Special thanks to Brian Cohan (Attorney at Law, Law Offices of Brian J. Cohan, P.C.) for bringing this article to my attention.

November 22, 2015 in Estate Planning - Generally, Non-Probate Assets | Permalink | Comments (0)

Thursday, November 19, 2015

What Happens To Debts When A Person Dies?

Dying debtsOne estate planning issue that many people might want to think about is how any debts they have will impact their estate after they pass away. When a person dies their debts are generally paid out of their estate. If the estate does not have any money then the debt typically dies with the person. An exception to what this article refers to as a dying debt that dies with a person is an undead debt that can exist if a person was a co-signer or guarantor of a loan. During life it is practically impossible to get out of any student loan debt but when a person dies the debt tends to die with them. This article discusses certain steps that people can take to protect their estate from debts.

See Patrick Chism, What Happens to Your Debt When You Die?, Zing!, November 19, 2015.

Special thanks to Brian Cohan (Attorney at Law, Law Offices of Brian J. Cohan, P.C.) for bringing this article to my attention.

November 19, 2015 in Estate Planning - Generally, Intestate Succession, Non-Probate Assets, Trusts, Wills | Permalink | Comments (0)

Wednesday, November 18, 2015

How Communication Can Build Trust

Building trustThis journal column discusses an article written by Robert F. Hurley that was published in the September 2006 issue of Harvard Business Review titled “The Decision to Trust.” There are a number of different factors that relate to whether people will trust one another. These factors are the result of a complex mix of personality, culture, and experience. The individual person or situation is another factor that can influence trust. A current research survey of 1,000 clients of financial advisers led by Julie Littlechild shows that there is a very high level of trust. There are a number of things that advisers can do and communication techniques they can use to move the needle on trust. There are a wide range of positive outcomes that are associated with a high level of trust.

See Marie Swift and Julie Littlechild, Building Trust Through Communication, Journal of Financial Planning, November 17, 2015.

Special thanks to Jim Hillhouse for bringing this article to my attention.

November 18, 2015 in Estate Planning - Generally, Non-Probate Assets, Professional Responsibility | Permalink | Comments (0)

Reducing Tax Liability On Initial IRA Distributions

Tax billWhen a person turns 70 ½ they are required to take out required minimum distributions (RMDs) from their retirement accounts. One thing to be concerned about are the tax implications for the additional income coming from the distributions. It is a good idea to think ahead about the timing of taking out RMDs. Under current tax laws a person gets extra time to take their first RMD. Spreading out the first two RMDs into different years could keep a person out of a higher tax bracket. The rules about RMDs can be complex so it is a good idea to consult with a professional estate planner for further guidance.

See Karen Damato, How to Ease the Tax Bill on Initial IRA Distributions, The Wall Street Journal, October 18, 2015.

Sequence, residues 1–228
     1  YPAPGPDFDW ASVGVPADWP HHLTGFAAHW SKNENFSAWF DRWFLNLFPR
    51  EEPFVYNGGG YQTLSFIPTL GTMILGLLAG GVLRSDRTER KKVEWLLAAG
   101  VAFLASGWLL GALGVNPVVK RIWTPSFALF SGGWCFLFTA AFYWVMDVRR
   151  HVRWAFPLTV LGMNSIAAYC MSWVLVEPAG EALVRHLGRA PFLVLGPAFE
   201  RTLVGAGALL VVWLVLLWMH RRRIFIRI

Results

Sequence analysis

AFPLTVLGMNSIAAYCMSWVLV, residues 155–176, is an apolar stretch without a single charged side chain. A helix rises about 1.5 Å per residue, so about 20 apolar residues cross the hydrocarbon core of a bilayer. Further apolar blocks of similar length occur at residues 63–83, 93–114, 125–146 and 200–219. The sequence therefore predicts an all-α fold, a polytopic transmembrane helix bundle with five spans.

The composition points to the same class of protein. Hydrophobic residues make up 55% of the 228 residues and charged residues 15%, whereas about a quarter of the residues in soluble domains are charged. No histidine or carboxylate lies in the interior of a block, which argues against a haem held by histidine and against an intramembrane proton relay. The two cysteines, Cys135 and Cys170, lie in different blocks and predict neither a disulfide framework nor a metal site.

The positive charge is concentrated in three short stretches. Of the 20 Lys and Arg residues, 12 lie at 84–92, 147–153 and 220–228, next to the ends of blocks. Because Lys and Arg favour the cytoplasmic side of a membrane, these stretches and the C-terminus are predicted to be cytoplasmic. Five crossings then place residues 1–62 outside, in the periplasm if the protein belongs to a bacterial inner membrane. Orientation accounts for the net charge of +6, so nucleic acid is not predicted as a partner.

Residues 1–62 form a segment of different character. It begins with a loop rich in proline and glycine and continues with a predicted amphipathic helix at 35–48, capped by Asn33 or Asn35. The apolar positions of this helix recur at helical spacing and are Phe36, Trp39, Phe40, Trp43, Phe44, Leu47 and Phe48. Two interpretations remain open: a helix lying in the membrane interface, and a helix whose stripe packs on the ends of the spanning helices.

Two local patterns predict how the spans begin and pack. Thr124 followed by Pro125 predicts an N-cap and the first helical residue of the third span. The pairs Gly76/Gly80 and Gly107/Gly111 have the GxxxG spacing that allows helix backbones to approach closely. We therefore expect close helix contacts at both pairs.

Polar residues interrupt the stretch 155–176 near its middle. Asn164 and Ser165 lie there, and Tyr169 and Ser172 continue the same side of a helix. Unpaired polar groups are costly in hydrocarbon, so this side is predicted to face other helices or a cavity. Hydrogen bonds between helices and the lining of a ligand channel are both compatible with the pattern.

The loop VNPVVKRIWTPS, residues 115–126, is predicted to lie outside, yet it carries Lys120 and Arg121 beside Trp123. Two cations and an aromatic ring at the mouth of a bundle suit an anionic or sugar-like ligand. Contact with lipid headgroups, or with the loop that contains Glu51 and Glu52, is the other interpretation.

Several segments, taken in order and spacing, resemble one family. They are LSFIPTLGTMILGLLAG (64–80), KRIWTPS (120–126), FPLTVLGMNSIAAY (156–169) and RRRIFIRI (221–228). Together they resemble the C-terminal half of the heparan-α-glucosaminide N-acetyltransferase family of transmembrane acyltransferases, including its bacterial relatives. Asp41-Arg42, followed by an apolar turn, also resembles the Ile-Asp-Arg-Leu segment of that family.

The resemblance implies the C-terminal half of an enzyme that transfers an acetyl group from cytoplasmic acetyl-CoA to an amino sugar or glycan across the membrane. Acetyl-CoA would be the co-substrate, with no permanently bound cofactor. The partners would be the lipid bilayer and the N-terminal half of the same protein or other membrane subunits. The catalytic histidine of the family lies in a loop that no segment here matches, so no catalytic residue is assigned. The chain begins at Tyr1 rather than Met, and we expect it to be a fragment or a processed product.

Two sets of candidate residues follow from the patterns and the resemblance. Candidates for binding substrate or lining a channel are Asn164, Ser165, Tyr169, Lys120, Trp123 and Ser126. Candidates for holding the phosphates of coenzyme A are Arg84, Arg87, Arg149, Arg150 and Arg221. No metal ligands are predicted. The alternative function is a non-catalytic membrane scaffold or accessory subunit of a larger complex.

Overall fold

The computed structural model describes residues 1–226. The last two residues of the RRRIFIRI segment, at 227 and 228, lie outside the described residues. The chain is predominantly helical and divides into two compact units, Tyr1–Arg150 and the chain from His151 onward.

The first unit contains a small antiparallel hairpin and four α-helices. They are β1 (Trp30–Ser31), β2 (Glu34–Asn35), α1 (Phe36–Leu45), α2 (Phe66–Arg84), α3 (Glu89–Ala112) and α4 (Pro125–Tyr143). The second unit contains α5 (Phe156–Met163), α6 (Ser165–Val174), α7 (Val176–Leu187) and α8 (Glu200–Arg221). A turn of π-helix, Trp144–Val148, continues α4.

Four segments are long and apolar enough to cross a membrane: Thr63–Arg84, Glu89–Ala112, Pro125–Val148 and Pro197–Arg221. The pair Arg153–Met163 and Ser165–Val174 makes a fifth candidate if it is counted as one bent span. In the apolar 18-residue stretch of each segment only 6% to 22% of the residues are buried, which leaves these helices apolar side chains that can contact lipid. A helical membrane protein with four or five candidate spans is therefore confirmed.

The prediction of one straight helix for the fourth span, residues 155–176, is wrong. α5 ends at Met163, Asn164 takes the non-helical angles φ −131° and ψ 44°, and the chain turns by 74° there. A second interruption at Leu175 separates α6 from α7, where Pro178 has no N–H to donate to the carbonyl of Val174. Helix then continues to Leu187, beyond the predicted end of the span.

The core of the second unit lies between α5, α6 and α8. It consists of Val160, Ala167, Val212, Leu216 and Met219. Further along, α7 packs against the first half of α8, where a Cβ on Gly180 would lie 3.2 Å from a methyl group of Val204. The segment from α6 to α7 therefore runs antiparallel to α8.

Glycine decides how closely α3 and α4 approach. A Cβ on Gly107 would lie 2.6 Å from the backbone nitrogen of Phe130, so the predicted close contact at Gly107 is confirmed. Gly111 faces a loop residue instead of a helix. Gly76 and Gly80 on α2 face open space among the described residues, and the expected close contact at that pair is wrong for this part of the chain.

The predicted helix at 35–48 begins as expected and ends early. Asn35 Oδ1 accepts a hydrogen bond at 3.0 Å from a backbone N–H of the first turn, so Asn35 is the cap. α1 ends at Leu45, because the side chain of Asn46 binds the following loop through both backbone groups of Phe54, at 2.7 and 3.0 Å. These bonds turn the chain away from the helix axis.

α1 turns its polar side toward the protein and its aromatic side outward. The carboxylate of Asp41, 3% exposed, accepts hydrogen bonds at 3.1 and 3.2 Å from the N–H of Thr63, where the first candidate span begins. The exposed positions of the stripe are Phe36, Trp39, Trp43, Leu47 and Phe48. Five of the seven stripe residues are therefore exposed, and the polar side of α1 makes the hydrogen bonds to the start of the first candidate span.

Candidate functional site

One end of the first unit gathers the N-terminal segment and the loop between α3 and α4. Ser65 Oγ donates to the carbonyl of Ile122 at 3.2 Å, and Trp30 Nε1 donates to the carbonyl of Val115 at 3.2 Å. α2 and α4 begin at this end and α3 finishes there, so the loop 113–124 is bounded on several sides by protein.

Special thanks to Jim Hillhouse for bringing this article to my attention.

November 18, 2015 in Elder Law, Estate Planning - Generally, Income Tax, Non-Probate Assets | Permalink | Comments (0)

Friday, November 13, 2015

Using A QLAC To Reduce Longevity Risk

ElderlyAt the end of the year senior citizens that are 70 ½ or older are going to have to start taking required minimum distributions (RMDs) out of their IRAs. One relatively new method that people are using to hold down their RMDs involves a qualified longevity annuity contract (QLAC). This new method approved by the U.S. Treasury in 2014 lets people exclude the portion of their IRA used to buy the QLAC from the funds used to calculate RMDs in future years. One big issue that senior citizens need to contend with involves managing their longevity risk. If an annuity holder is concerned about passing away before the start date of the QLAC contract they could purchase it with a “return-of-premium (ROP) rider to guarantee that the annuity holder or his/her beneficiary will get at least as much from the contract as was invested in the contract.” Those that are interested in learning more about QLACs or any other retirement planning option should speak with a professional estate planner.

See Dr. Don Taylor, Lowing longevity risk with a QLAC, Bankrate, November 12, 2015.

November 13, 2015 in Elder Law, Estate Planning - Generally, Non-Probate Assets | Permalink | Comments (0)

Pennsylvania Court Restores Pension For Jerry Sandusky

SanduskyA Pennsylvania Court has held that the State must restore a pension to former Penn State assistant football coach Jerry Sandusky that had been taken away from him when he was convicted and sentenced to prison for child molestation. “A Commonwealth Court panel ruled unanimously that the State Employees’ Retirement Board wrongly concluded Sandusky was a Penn State employee when he committed the crimes that were the basis for the pension forfeiture.” In 1999 Jerry Sandusky received a lump sum retirement payment of $148,000 and was to receive an additional payment of $4,900 each month. The Retirement Board stopped making those monthly payments in October 2012 when Sandusky was sentenced to 30 to 60 years in prison for sexually abusing 10 children.

See Jerry Sandusky has pension restored after ruling from Pennsylvania court, USA Today, November 13, 2015.

November 13, 2015 in Current Affairs, Elder Law, Estate Planning - Generally, Non-Probate Assets | Permalink | Comments (0)